We’ve all worked with people who are star performers but have one serious personality shortcoming that makes life difficult for everyone, limits their effectiveness, and often proves to be their professional undoing. One person, for instance, constantly takes on too much work, while another sees the downside in every proposed change.
We call these destructive behavior patterns “bad habits.”
No one is perfect, and everybody wrestles with demons and makes mistakes. But bad habits aren’t permanent, and they are all fixable.
Listed below are six different behavioral patterns, along with some strategies for ridding yourself or your teammates of these habits.
The hero always pushes themselves and their co-workers too hard to do too much for too long.
The hero is often the last person a manager wants to change. After all, why would you want to change the behavior of someone who gets more done in a day than anyone else does in a week? The answer is that over the long term, the hero’s constant pushing can lead to burnout and ultimately hurt your bottom line.
To change a hero’s behavior, start by expressing appreciation for their accomplishments. But don’t linger on that point — quickly segue into a discussion about the costs of burnout. Talk with the hero about recognizing the signs of overload in themselves and their team members.
Make it clear that this is a serious problem — that the hero has consistently taken things to a point where more is not better. They need to put on the brakes, or it will create a tiresome and non-effective work environment.
The meritocrat believes that the best ideas can and will be determined objectively and always prevail because of their clear merit. They’ll often ignore the politics inherent in most situations.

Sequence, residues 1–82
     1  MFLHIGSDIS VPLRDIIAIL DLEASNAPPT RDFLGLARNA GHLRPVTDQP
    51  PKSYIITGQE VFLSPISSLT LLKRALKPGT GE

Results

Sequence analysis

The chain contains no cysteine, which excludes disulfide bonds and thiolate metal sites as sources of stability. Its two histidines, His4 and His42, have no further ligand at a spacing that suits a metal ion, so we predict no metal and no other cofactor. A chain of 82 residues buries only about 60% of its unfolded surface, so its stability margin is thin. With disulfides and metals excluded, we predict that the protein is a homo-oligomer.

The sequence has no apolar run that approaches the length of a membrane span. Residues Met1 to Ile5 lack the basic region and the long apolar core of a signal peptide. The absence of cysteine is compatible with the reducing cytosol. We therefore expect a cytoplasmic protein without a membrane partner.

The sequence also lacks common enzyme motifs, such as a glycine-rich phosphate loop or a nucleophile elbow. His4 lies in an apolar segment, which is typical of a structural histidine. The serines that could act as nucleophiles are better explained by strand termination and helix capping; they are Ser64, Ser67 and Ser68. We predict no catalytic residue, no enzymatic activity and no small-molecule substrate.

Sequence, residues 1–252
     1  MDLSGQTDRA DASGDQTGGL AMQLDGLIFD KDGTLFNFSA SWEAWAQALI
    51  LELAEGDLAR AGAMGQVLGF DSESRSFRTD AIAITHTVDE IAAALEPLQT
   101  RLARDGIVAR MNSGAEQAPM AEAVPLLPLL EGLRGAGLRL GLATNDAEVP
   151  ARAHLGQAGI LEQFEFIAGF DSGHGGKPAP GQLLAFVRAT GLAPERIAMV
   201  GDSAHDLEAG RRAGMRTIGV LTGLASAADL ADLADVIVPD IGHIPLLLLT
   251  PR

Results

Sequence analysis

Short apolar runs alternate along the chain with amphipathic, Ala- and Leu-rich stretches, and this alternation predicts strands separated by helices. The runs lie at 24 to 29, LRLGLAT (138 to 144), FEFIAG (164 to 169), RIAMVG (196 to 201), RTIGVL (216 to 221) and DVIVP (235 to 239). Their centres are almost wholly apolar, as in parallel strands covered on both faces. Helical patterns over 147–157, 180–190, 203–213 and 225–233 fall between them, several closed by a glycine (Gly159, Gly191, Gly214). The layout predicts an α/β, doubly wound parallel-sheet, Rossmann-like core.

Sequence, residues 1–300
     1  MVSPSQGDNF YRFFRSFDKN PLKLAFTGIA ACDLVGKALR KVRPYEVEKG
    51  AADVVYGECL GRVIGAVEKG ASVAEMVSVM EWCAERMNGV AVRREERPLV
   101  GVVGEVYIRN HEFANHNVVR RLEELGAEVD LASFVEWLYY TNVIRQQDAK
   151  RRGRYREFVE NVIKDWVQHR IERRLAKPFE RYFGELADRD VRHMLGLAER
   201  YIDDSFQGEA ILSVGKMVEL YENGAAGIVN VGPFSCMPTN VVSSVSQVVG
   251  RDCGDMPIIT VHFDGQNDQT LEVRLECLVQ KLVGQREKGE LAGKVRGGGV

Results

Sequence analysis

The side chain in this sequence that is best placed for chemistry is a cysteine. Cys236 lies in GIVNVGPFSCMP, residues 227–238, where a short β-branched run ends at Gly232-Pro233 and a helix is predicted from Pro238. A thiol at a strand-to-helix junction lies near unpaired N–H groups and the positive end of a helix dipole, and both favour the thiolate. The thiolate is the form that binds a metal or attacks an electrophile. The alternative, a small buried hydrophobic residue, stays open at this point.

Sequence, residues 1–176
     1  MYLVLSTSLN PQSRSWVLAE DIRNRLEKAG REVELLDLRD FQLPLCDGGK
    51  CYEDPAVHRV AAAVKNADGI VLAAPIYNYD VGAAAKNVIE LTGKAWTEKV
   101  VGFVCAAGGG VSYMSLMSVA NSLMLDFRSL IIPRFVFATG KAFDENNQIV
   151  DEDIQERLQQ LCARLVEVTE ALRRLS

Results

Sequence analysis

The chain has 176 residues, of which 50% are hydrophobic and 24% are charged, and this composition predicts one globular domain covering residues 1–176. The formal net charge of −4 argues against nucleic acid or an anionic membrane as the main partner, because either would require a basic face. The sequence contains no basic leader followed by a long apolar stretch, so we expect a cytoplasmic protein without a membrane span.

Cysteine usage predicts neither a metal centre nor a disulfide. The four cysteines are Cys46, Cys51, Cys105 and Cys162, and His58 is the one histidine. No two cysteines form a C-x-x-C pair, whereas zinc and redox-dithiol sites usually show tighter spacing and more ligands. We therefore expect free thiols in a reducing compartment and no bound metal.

To help a meritocrat, you should first offer sympathy. Agree that it can waste time persuading people to support ideas of clear merit, and acknowledge that it’s too bad you’re even having this discussion.
Ensure the meritocrat that they’re in good hands and that the team will implement the correct business decision.
Meritocrats are typically among your hardest-working, brightest, and most well-educated people. A teammate needs to help them see that it is possible to operate in gray areas and still accomplish success.
A pessimist focuses on the downside of every change and worries about what could go wrong rather than considering how things could improve.
A great way to turn the pessimists’ worries into a more effective tool is to teach them how to evaluate risks better. Pessimists not only ignore the potential upside of change, but they also usually fail to consider the downside of doing nothing.
The next time a change initiative is proposed, tell your pessimist to come up with a list of pros and cons for that initiative. Have them form two pros and cons lists — one for the proposed change and another for doing nothing or going against the proposed change.
By making this systematic consideration of initiatives a routine, the pessimist can see a more objective risk analysis.